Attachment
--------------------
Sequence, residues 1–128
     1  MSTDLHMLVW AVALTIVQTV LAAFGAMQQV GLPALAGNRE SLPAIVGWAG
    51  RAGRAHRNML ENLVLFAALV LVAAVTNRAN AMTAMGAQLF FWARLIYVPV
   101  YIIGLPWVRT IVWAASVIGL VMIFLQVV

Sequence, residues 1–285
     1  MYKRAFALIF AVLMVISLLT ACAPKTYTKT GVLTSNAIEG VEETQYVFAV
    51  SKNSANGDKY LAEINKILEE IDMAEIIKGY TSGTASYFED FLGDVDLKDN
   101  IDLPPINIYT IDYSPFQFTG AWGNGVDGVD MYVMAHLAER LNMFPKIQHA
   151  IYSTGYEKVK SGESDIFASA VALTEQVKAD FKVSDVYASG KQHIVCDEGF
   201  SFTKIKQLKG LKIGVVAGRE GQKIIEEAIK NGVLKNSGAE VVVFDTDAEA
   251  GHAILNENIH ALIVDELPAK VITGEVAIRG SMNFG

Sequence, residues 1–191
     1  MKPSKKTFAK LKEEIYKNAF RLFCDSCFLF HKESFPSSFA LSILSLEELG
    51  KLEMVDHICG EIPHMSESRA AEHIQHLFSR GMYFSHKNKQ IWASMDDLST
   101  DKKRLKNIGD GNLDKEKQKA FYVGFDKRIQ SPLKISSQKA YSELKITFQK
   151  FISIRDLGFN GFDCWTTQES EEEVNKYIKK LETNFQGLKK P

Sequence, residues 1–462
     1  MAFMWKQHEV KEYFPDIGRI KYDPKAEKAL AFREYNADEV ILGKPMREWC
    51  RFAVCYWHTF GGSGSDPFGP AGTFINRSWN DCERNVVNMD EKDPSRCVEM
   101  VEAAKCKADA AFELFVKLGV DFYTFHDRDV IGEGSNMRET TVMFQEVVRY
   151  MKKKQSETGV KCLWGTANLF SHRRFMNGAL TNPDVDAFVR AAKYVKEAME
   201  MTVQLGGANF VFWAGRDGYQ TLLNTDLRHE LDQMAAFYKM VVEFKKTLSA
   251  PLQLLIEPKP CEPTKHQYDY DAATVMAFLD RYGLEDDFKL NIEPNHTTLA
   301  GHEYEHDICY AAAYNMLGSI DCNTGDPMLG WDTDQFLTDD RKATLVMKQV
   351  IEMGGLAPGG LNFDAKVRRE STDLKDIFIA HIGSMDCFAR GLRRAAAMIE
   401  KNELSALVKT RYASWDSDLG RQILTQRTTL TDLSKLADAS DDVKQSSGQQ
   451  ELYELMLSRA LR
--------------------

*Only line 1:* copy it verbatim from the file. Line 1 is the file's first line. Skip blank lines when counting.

Sequence, residues 1–128